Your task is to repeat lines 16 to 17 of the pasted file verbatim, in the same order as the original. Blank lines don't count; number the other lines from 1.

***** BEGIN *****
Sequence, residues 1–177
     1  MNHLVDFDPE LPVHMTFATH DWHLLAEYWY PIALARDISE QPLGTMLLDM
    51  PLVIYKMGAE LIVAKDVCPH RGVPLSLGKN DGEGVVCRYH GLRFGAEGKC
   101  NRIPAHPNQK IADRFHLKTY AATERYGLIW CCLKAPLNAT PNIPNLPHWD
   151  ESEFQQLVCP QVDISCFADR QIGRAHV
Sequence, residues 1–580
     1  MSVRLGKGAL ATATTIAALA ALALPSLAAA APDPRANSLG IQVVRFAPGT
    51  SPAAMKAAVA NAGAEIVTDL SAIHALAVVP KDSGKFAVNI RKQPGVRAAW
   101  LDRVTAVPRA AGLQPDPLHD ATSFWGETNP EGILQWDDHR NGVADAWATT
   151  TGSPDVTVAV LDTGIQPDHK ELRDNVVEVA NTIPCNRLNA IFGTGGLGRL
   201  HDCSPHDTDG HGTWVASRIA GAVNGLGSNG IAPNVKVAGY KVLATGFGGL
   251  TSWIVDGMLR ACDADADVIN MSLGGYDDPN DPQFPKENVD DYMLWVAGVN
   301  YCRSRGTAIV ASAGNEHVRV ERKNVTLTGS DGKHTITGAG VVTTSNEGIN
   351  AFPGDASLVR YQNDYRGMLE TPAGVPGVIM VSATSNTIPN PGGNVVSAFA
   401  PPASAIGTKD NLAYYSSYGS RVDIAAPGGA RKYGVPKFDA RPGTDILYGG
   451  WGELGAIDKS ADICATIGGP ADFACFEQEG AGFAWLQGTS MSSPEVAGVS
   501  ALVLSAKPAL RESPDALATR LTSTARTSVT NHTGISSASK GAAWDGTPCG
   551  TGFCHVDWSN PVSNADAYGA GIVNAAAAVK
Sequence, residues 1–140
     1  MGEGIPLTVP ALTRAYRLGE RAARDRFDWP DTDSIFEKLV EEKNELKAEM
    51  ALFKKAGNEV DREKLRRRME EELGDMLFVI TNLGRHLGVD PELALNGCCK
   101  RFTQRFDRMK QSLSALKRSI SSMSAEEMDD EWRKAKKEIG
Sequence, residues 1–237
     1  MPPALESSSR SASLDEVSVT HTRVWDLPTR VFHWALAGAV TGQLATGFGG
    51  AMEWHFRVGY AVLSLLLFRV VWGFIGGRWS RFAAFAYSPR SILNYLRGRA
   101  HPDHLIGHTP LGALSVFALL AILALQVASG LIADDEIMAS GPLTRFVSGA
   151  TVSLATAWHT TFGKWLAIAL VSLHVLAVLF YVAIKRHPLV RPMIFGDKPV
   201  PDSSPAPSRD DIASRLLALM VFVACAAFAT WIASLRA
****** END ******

   451  WGELGAIDKS ADICATIGGP ADFACFEQEG AGFAWLQGTS MSSPEVAGVS
   501  ALVLSAKPAL RESPDALATR LTSTARTSVT NHTGISSASK GAAWDGTPCG